“Don’t get flip with me,” she snapped. “I hate that smartass attitude of yours. You’re in enough trouble as it is, young man.” She was hitting the keys hard now, pop pop pop like kernels of corn in sizzling oil, a sure sign of her irritation. “Regulations state there is to be no sexual contact between inmates.”
I nodded solemnly. “Maybe you should tell that to Ross Hendricks and Deshaun Timmons and Malcolm Whiteside and the guys they run with. They’re the ones who keep sexually contacting me when I don’t want to be sexually contacted.”
Dr. Burns didn’t turn to me. She kept her eyes glued to her computer screen as she continued typing. “Don’t give me that again. The warden’s office investigated your allegations of rape and found no evidence that any such assaults occurred.”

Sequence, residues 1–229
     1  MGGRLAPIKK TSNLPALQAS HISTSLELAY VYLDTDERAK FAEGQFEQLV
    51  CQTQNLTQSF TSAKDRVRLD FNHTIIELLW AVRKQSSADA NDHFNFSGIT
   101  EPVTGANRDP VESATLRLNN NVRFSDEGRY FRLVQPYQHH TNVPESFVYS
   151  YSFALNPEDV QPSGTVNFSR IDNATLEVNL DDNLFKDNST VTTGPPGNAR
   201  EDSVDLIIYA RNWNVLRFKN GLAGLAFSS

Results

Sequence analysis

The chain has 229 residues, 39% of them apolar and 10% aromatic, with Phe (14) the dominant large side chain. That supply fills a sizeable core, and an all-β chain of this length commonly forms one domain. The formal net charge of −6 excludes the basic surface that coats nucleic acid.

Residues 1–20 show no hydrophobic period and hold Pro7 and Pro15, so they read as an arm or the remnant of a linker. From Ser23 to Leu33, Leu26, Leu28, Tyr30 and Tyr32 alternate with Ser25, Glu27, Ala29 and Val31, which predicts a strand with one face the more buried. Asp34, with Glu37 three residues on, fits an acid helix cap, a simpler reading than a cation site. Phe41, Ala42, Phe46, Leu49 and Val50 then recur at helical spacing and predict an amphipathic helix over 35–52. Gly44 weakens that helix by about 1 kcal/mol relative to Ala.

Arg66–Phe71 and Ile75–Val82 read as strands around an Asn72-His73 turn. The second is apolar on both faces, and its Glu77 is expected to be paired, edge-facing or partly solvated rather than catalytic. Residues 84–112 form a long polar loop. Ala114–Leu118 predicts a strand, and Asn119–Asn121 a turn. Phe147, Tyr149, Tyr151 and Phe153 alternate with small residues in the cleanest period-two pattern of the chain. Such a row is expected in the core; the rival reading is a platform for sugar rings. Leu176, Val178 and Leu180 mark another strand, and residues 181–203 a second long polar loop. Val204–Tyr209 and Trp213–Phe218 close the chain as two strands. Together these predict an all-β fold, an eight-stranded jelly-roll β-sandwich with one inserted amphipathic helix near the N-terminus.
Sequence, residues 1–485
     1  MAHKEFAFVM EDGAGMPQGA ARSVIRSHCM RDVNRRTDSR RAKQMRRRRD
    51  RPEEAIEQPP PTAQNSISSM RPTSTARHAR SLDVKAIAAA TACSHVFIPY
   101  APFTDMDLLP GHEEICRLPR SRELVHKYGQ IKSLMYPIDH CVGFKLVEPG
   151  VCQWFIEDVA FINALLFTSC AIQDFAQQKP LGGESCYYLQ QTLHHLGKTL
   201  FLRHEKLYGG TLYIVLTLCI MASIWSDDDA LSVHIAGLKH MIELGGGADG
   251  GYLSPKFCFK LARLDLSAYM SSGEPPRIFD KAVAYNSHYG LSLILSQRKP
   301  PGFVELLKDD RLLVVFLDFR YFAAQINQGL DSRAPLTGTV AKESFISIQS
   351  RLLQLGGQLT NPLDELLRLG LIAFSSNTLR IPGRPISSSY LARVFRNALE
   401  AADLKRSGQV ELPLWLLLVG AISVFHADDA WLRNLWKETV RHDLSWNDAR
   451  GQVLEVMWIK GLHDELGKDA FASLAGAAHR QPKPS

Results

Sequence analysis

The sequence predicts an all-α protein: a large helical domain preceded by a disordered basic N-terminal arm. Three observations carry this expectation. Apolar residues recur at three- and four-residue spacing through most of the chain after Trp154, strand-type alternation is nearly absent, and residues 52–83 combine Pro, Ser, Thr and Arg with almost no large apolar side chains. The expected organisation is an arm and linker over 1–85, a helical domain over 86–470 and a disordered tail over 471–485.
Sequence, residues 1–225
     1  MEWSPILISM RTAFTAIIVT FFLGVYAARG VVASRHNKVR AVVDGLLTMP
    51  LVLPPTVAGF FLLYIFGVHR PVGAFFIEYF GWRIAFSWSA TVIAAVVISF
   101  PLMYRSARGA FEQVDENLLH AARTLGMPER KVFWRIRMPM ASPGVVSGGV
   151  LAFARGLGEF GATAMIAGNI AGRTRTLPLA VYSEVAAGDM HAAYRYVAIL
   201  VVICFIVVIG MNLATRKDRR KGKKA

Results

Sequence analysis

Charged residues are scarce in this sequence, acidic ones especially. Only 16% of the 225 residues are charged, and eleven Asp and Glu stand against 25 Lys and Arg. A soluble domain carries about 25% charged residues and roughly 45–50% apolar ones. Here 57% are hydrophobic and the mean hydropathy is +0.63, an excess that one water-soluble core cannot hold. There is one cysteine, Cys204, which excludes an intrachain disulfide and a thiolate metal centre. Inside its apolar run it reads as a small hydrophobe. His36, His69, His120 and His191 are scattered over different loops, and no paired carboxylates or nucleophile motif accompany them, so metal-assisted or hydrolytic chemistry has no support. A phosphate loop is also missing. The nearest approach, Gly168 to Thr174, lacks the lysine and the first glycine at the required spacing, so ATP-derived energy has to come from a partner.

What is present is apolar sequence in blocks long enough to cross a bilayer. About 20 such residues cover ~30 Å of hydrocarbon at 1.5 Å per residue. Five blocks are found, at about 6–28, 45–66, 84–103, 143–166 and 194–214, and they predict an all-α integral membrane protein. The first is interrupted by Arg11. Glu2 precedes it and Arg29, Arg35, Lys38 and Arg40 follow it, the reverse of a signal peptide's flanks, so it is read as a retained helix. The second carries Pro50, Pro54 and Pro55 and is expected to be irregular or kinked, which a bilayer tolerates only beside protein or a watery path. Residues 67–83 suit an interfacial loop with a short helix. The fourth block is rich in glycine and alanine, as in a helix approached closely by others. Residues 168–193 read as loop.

“By ‘investigated’ do you mean when the officer sat me down with the other guys in a cozy little room, and the officer asked the other guys, ‘Did you rape this kid?’ and they all said, ‘Hell no!’ and the case was closed? Is that what you call an investigation?” I was teetering on the edge of the table now, glaring at her, my hands clenched into trembling fists.
“You claim multiple assaults but can’t produce even one witness to any of them. I examined you myself after most of the incidents you reported. I never found a single injury consistent with sexual assault.”
“I had black eyes! Busted lips! A cracked rib! Bruises on my fucking neck from being choked! A torn-up, bloody butthole! Swelling all over my scalp from having my head banged against the floor! What do the bastards have to do for you to get it, woman? Burn a brand on my ass that says ‘Property of the boys in cell block E’?”
“All the injuries I saw were consistent with fighting, which, according to your records, is partly what landed you at Escanaba in the first place. You’ve had plenty of fights since you got here, many of which you started, including the one on your intake day when you tried to steal another boy’s shoes—”